The clarification made by the Appalachian State administration to the Watauga Democrat The recent story (“Students, faculty, App State staff to hold public meeting”) is so mean-spirited it’s comical.
The clarification was requested by the administration because the story referred to the Appalachian Student Government Association, Faculty Senate, and Staff Senate as “governing” rather than “advisory” bodies.
Technically, the administration is right. But why on earth does the university administration feel so insecure and threatened in its authority that it would devote the time of senior executives amply paid by taxpayers to correct a story on such a trivial point? Were they really afraid that their authority would be undermined? If so, this incident says a lot more about their questionable leadership qualities than any of the bodies mentioned in the article.
Organizations of the kind that furnish the town hall have been part of the culture of higher education for decades. They fulfill governance roles. The Student Government President sits, by statute, on the Board of Trustees. The Faculty Senate evaluates top administrators, appoints faculty committee members, and approves changes to the Faculty Handbook.
The Staff Senate plays a major role in the representation of staff employees. The fact that none of these bodies can act unilaterally does not alter the fact that they exercise governmental functions (in other words, “advisory” and “director” are not antonyms).
The real problem, however, is that the current administration of the university – at the behest of politically appointed councils at the campus and system level – feels so beleaguered that it worries even about the most illusory encroachments on its authority.
The people who built Appalachia would never have wasted time on such a minor issue. On the contrary, they embraced the role of these organs. For years, BB Dougherty, as president, held regular meetings with the entire faculty. A later president, William H. Plemmons, supported the establishment of the Faculty Senate. Former Appalachian Chancellor Ken Peacock worked regularly with all three bodies. None of them would have felt that their authority was being challenged by describing these bodies as engaged in “governance”. As good leaders, these former presidents realized that the administration benefited from cooperation with these bodies. They did not plead their own pre-eminence in vain.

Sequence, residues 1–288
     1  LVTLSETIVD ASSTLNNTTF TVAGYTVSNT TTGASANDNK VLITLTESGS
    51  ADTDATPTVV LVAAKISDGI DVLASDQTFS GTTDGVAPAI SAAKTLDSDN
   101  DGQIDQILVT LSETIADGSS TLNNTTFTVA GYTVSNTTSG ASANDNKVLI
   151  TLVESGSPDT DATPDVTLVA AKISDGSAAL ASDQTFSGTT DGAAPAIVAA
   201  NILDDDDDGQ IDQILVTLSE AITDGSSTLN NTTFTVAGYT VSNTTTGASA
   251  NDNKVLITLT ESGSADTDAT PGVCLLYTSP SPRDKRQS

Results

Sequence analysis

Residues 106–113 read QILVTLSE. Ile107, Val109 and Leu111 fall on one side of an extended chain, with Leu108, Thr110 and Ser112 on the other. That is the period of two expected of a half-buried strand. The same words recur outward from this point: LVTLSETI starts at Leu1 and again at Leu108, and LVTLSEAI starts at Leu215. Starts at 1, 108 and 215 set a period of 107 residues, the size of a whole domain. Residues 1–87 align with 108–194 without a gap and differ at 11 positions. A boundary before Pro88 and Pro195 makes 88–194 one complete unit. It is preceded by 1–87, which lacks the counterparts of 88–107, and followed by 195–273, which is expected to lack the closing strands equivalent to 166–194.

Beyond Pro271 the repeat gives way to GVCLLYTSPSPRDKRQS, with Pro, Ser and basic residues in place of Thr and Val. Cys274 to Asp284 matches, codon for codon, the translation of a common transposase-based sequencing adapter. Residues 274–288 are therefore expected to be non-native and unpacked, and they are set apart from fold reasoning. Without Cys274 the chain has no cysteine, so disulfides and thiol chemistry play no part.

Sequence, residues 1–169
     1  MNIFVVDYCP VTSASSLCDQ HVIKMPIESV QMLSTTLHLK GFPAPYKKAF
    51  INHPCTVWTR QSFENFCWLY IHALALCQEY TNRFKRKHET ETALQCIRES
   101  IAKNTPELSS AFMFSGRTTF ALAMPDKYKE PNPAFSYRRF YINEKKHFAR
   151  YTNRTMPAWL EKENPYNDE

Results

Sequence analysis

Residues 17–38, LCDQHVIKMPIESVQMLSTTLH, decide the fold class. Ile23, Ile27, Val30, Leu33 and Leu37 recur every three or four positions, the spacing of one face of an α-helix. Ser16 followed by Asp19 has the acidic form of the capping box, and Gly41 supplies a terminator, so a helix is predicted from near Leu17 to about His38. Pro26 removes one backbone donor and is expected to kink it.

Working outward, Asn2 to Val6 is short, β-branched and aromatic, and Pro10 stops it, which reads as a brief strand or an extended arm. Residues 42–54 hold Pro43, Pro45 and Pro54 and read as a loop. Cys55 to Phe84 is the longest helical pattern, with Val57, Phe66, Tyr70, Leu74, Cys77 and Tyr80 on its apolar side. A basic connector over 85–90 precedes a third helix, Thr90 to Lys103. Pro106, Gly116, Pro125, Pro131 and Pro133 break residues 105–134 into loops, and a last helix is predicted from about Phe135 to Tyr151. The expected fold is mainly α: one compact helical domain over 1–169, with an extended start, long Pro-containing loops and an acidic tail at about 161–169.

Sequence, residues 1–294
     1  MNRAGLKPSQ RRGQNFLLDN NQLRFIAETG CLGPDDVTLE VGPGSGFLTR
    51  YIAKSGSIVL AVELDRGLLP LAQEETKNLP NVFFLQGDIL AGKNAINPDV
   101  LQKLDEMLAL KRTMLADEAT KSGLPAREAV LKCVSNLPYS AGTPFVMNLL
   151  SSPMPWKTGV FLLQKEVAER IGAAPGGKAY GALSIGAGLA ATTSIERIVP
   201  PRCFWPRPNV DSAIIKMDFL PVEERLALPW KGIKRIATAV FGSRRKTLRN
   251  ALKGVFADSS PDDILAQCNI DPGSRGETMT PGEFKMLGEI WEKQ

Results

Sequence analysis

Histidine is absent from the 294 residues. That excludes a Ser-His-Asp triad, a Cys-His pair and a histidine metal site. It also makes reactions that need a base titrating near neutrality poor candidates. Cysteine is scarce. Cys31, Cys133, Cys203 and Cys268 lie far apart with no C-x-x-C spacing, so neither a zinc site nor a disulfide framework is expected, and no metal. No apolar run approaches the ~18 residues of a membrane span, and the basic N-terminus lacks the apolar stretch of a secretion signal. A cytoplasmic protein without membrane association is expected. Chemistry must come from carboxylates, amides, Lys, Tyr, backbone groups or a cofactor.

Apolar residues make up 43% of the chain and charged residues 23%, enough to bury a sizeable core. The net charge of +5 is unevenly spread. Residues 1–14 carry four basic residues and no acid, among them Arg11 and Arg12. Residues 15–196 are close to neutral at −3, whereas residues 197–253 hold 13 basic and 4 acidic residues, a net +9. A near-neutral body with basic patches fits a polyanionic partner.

Anyone familiar with the situation at Appalachian understands why this so-called “clarification” was written: the current administration knows that it has virtually known support among faculty, staff, students and alumni – in fact, among no other constituencies than the politically appointed councils.
When you have no real respect, when you fail at the level of leadership, it makes sense, in short, to fall back on the little trappings of your authority.
Let’s hope a change of direction happens before too much damage is done to a fine university – and that the town hall on February 20 can sort this out.